Tuesday, March 2, 2010

Take It Easy On Jim Bunning!


So I hear Senator Jim Bunning (R-KY) is causing ruckus on the floor of the United States Senate. Although I'm not much of a political guy, I do have a general idea about what's going on in Washington. And from what I understand, Senator Bunning is single handily blocking a bill that would extend unemployment benefits for the unemployed. He says he has no beef with the $10 billion bill if Congress can tell him how they'll pay for it.

Ok, I can see where the Senator is coming from, but I think he picked the wrong bill to try and flex fiscal responsibility. Basically what Bunning is claiming is that he's following President Obama's "Pay As You Go" orders. But the government is already in a $6 trillion hole, so what difference is an extra $10 billion gonna make? So maybe Senator Bunning could let this one go but I definitely heed his point.

But anyway, enough with the politics--

I'll leave the party bickering and the standoffs to the political blogs. I mean, it's something that's been going on for 234 years so I don't think anyone is surprised by it.

I won't vouch for Jim Bunning the Senator because, like I said, I don't know enough about the issue to form a genuine opinion-- but I will vouch for Jim Bunning, the eccentric Hall of Fame pitcher.

People in Washington can say what they want about Bunning, but no one can take away is tenacity and no-holds-barred style on the pitching mound. If he governs the way he pitched, I can see why he has the Senate in a standoff.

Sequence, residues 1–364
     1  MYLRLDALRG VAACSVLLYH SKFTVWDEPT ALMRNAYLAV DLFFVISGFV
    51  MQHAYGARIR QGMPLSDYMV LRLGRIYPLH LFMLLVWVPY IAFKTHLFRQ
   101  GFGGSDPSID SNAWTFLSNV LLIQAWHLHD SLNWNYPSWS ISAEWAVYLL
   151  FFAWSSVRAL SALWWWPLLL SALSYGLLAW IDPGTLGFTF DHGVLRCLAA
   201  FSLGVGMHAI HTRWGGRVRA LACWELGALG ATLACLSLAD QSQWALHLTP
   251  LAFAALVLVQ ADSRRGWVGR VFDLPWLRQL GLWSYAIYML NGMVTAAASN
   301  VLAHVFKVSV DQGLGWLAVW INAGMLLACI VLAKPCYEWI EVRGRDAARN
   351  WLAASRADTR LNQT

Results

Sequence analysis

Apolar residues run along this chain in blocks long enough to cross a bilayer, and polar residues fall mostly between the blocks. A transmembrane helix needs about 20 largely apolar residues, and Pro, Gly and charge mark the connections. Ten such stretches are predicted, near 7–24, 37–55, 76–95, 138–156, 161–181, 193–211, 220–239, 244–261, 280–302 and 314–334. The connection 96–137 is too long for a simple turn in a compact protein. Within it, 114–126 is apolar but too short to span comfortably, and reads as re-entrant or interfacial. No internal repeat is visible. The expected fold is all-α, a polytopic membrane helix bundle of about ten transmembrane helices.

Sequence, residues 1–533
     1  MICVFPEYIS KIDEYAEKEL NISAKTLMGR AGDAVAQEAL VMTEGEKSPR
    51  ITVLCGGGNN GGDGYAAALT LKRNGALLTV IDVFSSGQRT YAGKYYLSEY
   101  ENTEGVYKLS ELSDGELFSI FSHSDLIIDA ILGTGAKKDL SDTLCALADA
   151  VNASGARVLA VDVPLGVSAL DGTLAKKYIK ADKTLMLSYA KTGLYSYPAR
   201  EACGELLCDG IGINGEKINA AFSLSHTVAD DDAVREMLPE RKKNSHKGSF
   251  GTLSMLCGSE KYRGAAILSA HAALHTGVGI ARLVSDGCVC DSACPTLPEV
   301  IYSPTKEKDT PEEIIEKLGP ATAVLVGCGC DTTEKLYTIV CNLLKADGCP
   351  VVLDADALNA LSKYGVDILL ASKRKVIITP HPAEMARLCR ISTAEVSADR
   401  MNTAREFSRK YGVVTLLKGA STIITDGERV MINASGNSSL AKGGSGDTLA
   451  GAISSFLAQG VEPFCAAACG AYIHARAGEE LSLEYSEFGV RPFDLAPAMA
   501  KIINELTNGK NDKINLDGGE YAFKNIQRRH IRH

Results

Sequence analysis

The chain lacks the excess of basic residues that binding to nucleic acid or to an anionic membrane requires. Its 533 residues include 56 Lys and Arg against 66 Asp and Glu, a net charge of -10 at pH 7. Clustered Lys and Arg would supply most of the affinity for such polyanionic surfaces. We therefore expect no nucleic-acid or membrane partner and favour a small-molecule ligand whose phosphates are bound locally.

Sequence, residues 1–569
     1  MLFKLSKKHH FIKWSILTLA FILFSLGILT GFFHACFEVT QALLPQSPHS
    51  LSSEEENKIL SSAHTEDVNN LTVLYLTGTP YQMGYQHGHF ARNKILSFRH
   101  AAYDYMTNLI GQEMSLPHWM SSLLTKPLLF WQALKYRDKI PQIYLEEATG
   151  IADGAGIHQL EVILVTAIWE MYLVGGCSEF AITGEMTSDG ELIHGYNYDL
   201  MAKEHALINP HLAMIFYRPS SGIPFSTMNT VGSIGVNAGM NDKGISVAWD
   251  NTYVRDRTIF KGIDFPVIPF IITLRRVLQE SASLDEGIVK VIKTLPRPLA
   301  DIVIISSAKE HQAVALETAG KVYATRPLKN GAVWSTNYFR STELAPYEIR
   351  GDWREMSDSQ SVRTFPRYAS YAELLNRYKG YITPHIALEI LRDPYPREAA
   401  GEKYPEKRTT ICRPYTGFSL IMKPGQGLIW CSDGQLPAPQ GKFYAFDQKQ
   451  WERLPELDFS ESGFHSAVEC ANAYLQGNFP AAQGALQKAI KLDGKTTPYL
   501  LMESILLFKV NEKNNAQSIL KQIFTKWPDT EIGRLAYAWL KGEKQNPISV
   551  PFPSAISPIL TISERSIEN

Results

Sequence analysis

Bunning played 17 seasons in the major leagues mostly with the Detroit Tigers (9 seasons) and the Philadelphia Phillies (6 seasons). He compiled a 224-184 record, 3.27 ERA, and 2855 Strikeouts. When he retired, his 2855 SO were the second most ever behind Walter Johnson's 3508. Bunning was inducted into the Baseball Hall of Fame in 1996.

When Bunning was on the mound he owned the plate. If a batter was too close he did not hesitate to pitch inside and he could care less if he hit the batter or not. On the mound he called all the shots, driving his managers (especially Gene Mauch) crazy. Mauch would signal a pitch to the catcher from the dugout and Bunning would shake his head basically saying, "No, I'm doing my own thing."

A few of Bunning's highlights--

  • Pitched a no-hitter for the Tigers on July 20, 1958 against the Boston Red Sox.
  • Pitched a perfect game for the Phillies on June 21, 1964 against the New York Mets.
  • 7-time All-Star selection.
  • He is one of only 6 pitchers to throw a no-hitter and a perfect game.
  • And one of only 5 pitchers to throw a no-hitter in both leagues.
  • He was at the center of the infamous collapse of the 1964 Phillies. Manager Gene Mauch overused Bunning down the stretch and in the end the fatigue got the best of Bunning and the Phillies who blew a six game lead with 10 to play. They lost 10 in a row and handed the pennant to the St. Louis Cardinals.
  • His No. 14 was retired by the Phillies in 2001. Why the Detroit Tigers haven't retired his number is a mystery to many, including myself.
  • As mentioned above, he was inducted into the Baseball Hall of Fame in 1996.

So with all the heat the two-term Senator from Kentucky is feeling these days, as a baseball fan, I felt it was important not to forget who the man was. But somehow I get the feeling Senator Bunning could care less what his critiques are saying about him.

Compared to the pressures he felt on the mound, criticism in Washington is probably a piece of cake for him.

Senator Bunning photo courtesy of the AP
Baseball card photos courtesy of baseball-almanac.com

Stats courtesy of baseball-reference.com

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